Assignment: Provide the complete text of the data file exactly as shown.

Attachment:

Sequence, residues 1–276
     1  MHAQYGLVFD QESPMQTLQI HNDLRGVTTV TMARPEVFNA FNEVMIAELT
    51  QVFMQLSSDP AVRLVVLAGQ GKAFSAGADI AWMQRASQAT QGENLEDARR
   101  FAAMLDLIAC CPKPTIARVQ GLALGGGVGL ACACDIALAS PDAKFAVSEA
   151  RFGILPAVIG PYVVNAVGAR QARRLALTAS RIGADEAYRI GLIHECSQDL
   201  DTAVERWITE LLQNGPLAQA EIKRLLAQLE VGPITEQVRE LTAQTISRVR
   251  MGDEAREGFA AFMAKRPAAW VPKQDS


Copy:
Sequence, residues 1–276
     1  MHAQYGLVFD QESPMQTLQI HNDLRGVTTV TMARPEVFNA FNEVMIAELT
    51  QVFMQLSSDP AVRLVVLAGQ GKAFSAGADI AWMQRASQAT QGENLEDARR
   101  FAAMLDLIAC CPKPTIARVQ GLALGGGVGL ACACDIALAS PDAKFAVSEA
   151  RFGILPAVIG PYVVNAVGAR QARRLALTAS RIGADEAYRI GLIHECSQDL
   201  DTAVERWITE LLQNGPLAQA EIKRLLAQLE VGPITEQVRE LTAQTISRVR
   251  MGDEAREGFA AFMAKRPAAW VPKQDS